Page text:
Do plant winter annuals, shrubs, and trees. Fall is a perfect time to plant these things. Many winter annuals such as pansies are now available and can be placed in containers and flowers beds. They will provide much needed color during most of the winter. Fall is also the ideal time to add new trees and shrubs to your home landscape. Maybe you recently saw a tree with fantastic fall color that you just must have in your yard. Planting them in the fall gives plants more time to get their roots established before the spring growing season arrives. This is critical for surviving the hot dry summers of Alabama. Be sure to water all new plants as needed to insure survival.

Do replenish the mulch around your plants. A new fresh layer of mulch needs to be added around your plants almost every year. No more than three inches is best. Mulch helps hold in moisture, keeps the plant warm in the winter and cooler in the summer, suppresses weeds, and gives the landscape a more attractive and formal appearance. The leaves and pine straw that is falling in your yard makes great mulch. You can buy mulch but why do so when you can get some that is free. This method provides the homeowner with free mulch and reduces the need for purchasing mulch, which can be very expensive.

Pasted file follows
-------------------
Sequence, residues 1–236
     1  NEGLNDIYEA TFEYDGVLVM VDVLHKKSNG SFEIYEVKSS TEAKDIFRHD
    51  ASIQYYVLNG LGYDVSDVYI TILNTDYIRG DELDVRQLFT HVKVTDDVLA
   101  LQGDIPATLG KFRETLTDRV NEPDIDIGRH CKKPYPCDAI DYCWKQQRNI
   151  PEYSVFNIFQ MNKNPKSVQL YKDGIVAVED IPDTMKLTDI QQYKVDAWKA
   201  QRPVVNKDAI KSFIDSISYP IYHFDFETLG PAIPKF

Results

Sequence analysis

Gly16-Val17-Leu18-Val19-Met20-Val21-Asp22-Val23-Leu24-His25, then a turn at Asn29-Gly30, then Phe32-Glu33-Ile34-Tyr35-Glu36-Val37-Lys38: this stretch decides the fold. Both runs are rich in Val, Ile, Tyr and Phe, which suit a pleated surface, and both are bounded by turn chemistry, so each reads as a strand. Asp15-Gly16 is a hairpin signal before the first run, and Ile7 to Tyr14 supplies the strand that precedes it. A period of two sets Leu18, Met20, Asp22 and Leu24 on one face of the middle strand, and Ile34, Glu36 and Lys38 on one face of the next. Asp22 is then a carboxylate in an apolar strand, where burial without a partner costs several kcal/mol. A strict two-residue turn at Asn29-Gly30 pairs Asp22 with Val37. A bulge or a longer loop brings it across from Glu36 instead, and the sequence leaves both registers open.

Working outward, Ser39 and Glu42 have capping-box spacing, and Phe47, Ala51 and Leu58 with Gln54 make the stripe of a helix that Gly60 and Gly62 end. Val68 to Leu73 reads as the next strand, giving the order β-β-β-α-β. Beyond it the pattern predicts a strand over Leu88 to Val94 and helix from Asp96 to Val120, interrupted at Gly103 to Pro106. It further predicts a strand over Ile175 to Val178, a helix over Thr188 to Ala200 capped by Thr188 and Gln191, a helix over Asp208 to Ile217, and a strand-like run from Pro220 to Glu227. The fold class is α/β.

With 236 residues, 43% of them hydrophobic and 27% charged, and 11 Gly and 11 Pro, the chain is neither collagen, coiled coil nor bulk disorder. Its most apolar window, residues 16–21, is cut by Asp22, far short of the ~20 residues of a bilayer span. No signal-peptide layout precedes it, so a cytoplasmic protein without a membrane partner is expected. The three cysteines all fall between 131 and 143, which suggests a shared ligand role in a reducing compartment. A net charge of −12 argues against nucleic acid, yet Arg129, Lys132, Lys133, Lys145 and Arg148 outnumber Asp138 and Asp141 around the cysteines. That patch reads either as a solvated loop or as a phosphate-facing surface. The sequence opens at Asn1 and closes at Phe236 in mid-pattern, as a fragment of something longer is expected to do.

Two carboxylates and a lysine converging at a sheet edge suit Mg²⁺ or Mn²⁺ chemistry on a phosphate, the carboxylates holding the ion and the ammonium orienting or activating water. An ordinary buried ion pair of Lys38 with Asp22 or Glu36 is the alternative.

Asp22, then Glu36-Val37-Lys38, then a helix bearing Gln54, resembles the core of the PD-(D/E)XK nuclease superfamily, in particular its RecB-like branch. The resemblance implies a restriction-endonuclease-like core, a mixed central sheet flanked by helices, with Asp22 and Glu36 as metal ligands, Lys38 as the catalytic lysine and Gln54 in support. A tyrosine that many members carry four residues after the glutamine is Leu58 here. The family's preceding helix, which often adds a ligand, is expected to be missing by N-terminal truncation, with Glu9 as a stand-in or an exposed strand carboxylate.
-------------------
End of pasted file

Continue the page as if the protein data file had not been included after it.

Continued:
Do start a compost pile. If you want to improve your soil or need soil for planting, why not grow your own soil. Collected leaves, grass clipping, and other small shredded plant material are best recycled in a compost pile. Through composting, yard and garden waste, plant materials, paper, and even some food products can be recycled into an excellent soil conditioner. Once broken down, the composted plant material become a dark colored, crumbly, soil-like product called humus, which is an ideal soil medium for plants and vegetables because it improves soil structure, drainage, and fertility. Composting speeds the breakdown of the plant materials and therefore reduces the total volume of the yard and garden waste.

Do put out a pre-emergence herbicide on your lawn to help prevent those winter weeds from coming up. You must to apply the herbicide in the fall if you want no weeds this winter. Once the weeds start sprouting, you will have to look at other control strategies. Always read the herbicide label for directions and instructions.